Senator wants answers on Carnival's repeated mishaps
In this image released by the U.S. Coast Guard on Feb. 11, 2013, a small boat belonging to the Coast Guard Cutter Vigorous patrols near the cruise ship Carnival Triumph in the Gulf of Mexico, Feb. 11, 2013. / AP Photo/U.S. Coast Guard- Lt. Cmdr. Paul McConnell
Millions of U.S. tax dollars have been spent rescuing just two Carnival cruise ships, even as the company claims it's exempt from U.S. federal income taxes.
In a scathing letter sent last week, Senate Commerce Committee chairman Jay Rockefeller, D-W.V., asked Carnival CEO Micky Arison whether his company will reimburse the Coast Guard and U.S. Navy for the cost of responding to two most recent incidents.
Those mishaps involved the Carnival Splendor and the Carnival Triumph. According to information provided by the Coast Guard and the Navy, the federal agencies spent more than $3.4 million tax dollars responding to the Splendor incident. The Coast Guard spent $779,914.26 responding to the Triumph.
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When added to other incidents on record, the cost to U.S. taxpayers grows exponentially. There have been more than 90 U.S. Coast Guard "Casualty Investigations" on Carnival Corporation-owned cruise ships in just the past five years, according to Coast Guard records. That's nearly twice the number of the rest of the industry combined.
The Carnival incidents include "groundings, collisions, allusions, engine room and generator fires, propulsion and electrical system failures that have left ships adrift at sea, and other critical onboard system failures," according to Rockefeller's letter to Arison. "Given that you reportedly pay little or nothing in federal taxes, do you intend to reimburse the Coast Guard and the Navy...?"
Because Carnival is incorporated in Panama, the company claims various tax exemptions. Carnival's SEC filings state: "We believe that our U.S. source income and the income of our ship-owning subsidiaries, to the extent derived from, or incidental to, the international operation of a ship or ships, is currently exempt from U.S. federal income and branch profits tax." The company adds that it also qualifies for tax exemptions under "bilateral U.S. income tax treaties."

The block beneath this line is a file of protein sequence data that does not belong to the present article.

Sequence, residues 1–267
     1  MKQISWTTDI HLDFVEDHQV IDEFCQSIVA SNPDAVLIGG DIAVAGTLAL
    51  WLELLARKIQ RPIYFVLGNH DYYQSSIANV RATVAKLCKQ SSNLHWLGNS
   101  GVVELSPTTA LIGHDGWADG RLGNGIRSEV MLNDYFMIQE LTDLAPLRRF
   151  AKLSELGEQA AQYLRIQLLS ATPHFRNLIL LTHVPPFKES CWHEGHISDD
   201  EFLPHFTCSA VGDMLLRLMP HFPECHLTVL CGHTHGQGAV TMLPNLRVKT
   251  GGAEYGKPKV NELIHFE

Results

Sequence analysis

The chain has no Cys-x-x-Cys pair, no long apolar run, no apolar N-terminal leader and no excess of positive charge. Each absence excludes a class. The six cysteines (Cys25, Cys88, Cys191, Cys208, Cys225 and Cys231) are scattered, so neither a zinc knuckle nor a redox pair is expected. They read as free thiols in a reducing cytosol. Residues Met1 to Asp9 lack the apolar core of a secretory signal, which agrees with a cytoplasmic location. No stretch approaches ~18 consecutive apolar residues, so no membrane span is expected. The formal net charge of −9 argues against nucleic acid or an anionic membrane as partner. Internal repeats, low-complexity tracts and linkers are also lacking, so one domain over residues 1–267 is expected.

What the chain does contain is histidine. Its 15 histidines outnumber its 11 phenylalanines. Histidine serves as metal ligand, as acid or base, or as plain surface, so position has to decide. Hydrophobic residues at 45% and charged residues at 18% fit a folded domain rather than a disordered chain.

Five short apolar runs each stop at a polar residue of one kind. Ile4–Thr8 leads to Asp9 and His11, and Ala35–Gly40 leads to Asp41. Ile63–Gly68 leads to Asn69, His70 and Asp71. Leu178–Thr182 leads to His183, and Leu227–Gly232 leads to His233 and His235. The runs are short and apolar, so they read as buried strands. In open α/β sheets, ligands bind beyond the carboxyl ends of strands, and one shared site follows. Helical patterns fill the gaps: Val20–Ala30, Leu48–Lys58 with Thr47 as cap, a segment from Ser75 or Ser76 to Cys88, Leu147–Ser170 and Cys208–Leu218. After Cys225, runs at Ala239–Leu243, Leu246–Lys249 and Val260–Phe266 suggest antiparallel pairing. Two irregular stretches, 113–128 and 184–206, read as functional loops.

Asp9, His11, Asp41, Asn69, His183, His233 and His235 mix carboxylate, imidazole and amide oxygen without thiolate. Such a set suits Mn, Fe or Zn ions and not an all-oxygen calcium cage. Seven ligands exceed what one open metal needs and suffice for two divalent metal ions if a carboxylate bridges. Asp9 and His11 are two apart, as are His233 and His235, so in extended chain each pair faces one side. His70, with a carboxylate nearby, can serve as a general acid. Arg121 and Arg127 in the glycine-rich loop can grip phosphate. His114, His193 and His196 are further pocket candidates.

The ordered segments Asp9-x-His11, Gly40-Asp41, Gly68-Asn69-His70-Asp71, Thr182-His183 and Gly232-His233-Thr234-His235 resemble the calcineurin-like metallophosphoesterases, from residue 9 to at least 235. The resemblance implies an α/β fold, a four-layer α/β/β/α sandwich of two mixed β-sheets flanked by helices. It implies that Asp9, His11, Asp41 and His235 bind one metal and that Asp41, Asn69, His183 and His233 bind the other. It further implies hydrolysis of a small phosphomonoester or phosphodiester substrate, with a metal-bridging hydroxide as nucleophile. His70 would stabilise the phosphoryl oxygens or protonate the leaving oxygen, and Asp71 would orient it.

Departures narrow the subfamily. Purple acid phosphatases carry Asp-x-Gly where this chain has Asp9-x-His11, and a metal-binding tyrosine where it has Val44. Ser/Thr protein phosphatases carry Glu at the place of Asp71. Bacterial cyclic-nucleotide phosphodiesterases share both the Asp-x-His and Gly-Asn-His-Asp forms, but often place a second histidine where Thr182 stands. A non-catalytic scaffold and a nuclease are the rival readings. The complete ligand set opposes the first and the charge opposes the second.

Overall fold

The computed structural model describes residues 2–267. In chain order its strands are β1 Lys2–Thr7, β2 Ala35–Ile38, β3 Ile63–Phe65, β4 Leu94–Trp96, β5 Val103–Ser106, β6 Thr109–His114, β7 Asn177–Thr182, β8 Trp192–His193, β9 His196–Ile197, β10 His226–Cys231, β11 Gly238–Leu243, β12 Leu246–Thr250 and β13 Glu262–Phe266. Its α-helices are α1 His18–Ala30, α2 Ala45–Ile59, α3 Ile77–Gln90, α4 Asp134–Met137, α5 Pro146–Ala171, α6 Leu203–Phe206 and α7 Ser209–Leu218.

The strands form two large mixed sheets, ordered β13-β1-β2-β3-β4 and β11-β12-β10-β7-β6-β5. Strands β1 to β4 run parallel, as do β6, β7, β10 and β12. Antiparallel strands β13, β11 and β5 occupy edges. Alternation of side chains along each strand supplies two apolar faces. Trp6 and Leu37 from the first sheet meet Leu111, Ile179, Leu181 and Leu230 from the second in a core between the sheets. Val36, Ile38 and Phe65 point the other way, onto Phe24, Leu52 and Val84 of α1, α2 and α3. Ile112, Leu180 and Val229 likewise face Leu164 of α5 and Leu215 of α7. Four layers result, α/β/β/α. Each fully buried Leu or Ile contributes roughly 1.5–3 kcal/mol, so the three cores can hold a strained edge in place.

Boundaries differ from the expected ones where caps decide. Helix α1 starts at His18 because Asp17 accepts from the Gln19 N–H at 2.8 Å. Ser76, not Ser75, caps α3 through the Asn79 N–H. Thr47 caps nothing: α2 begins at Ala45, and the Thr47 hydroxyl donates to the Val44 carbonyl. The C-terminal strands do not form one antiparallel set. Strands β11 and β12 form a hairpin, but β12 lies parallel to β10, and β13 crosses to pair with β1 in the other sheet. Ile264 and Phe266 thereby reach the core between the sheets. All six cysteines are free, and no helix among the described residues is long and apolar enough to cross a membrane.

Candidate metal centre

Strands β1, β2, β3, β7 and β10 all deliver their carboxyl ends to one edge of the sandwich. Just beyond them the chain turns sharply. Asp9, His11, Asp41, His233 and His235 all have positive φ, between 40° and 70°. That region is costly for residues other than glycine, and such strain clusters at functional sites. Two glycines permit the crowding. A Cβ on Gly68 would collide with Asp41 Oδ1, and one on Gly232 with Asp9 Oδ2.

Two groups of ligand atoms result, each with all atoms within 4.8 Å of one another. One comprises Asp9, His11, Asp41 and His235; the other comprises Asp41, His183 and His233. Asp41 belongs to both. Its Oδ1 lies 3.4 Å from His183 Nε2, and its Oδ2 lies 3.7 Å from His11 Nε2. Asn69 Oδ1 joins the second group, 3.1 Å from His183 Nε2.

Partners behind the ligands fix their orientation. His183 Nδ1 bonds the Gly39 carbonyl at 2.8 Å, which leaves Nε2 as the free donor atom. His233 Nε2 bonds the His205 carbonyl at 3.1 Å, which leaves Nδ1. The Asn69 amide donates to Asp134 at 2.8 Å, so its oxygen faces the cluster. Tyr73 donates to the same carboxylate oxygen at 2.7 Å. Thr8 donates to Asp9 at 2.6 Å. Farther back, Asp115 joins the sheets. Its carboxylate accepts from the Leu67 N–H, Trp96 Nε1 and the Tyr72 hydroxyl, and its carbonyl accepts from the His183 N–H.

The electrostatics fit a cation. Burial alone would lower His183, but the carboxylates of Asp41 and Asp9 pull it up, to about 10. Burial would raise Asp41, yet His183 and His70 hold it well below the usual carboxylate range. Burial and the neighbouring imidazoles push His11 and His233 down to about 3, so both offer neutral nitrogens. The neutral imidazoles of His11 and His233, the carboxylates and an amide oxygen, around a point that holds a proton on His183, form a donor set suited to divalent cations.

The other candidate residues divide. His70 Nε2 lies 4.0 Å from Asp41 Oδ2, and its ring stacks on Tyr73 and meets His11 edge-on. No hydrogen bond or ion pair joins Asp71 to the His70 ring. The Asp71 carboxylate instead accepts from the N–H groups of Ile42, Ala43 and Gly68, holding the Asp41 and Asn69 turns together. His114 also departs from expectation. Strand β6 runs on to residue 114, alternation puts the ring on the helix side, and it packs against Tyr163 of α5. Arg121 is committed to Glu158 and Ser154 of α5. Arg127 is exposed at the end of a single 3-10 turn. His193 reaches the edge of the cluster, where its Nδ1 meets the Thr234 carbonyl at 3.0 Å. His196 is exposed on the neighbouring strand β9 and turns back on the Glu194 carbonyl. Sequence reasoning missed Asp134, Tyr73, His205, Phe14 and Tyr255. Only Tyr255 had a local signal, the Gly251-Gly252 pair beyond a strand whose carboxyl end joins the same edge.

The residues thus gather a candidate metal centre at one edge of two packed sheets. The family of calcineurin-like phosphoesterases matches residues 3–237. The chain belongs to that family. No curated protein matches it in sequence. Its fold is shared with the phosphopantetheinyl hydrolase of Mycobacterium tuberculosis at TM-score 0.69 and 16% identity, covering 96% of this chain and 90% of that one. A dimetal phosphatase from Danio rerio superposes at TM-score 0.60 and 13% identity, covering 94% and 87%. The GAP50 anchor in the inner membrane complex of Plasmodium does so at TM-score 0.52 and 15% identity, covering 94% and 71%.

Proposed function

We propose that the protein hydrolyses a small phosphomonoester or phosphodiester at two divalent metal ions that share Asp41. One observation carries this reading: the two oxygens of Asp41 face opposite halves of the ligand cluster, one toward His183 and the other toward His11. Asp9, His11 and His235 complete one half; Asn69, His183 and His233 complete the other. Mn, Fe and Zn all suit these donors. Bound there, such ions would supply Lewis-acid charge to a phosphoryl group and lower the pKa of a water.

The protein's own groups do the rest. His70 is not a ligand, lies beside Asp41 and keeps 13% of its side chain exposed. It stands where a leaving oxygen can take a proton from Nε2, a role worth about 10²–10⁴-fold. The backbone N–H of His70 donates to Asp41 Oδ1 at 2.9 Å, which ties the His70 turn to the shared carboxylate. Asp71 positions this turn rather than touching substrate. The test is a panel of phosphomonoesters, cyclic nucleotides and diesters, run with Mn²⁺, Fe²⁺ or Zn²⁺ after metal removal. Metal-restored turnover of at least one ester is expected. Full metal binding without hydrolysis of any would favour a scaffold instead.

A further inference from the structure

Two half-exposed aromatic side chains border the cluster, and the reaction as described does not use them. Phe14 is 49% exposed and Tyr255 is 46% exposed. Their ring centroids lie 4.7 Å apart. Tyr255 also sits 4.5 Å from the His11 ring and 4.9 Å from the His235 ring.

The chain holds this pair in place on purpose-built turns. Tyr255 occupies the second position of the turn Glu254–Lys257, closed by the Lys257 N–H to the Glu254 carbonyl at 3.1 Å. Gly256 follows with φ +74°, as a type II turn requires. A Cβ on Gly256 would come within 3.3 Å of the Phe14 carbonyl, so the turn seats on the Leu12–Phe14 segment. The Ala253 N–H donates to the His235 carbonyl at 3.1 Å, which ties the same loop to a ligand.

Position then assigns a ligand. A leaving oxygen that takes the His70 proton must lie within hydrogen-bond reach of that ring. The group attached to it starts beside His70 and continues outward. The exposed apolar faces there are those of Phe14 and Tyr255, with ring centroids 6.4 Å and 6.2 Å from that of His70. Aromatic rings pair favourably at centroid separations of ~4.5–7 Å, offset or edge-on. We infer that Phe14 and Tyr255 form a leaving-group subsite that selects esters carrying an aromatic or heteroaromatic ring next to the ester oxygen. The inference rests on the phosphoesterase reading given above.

The largest cruise company in the world, Carnival has 100 cruise ships and calls itself "among the most profitable and financially strong leisure travel companies in the world." One analysis presented at a Senate hearing showed that Carnival paid just 1.1 percent in total corporate taxes on $11.5 billion dollars in profits over five years.
A Carnival spokesman told CBS News: "At the international level, there is recognition that it is impossible to develop a tax system by which the income of a shipping company is fairly apportioned and countries typically impose head taxes and other types of taxes in lieu of income taxes. Virtually all jurisdictions where our ships call impose taxes and/or fees based on guest counts, ship tonnage, ship capacity or some other measure. These taxes are included in our cost of operations."
Carnival's business model is not unusual in the cruise ship industry, or even among corporate giants. An analysis by the Citizens for Tax Justice showed that ten corporations with $1.5 trillion in offshore corporate profits paid little or no tax to any government.
Four Carnival ships have reported problems in just the past month.
Over the weekend, the Carnival Legend suffered propulsion system problems that forced it to cancel a scheduled stop on Grand Cayman.
Last week, the Carnival Dream had a malfunction with an emergency diesel generator that led to elevator problems and overflowing toilets while docked in St. Maarten in the Caribbean with thousands of people on board.
The Carnival Elation recently had problems with a part that's linked to steering and propulsion.
And in February, an engine room fire left the Carnival Triumph adrift with more than four thousand people on board with overflowing toilets and no air conditioning.
"Despite the alarming number of onboard fires, major systems malfunctions and human errors that have occurred on Carnival's ships since 2008, I see no evidence that the company has undertaken any meaningful course of corrective action to improve its safety record," Rockefeller stated in his letter to Arison.
Following the tragedy aboard Carnival's Costa Concordia Italian cruise ship in January 2012 in which 32 people died, Carnival announced a "comprehensive audit and review of all safety and emergency response procedures across its ten brands to identify lessons learned and best practices." The company says that as a result, it enhanced safety and security procedures.
Rockefeller's letter to Carnival comes as his fellow Democrat, Sen. Chuck Schumer, D-N.Y., slammed the cruise industry, calling it "the wild west of the traveling industry."
Schumer called current regulations "toothless" and demanded a new "bill of rights" for cruise passengers.
"The bill of rights, based on what we have done with the airline industry, will ensure that passengers are not forced to live in Third World conditions or put their lives at risk when they go on vacation," Schumer said Sunday.
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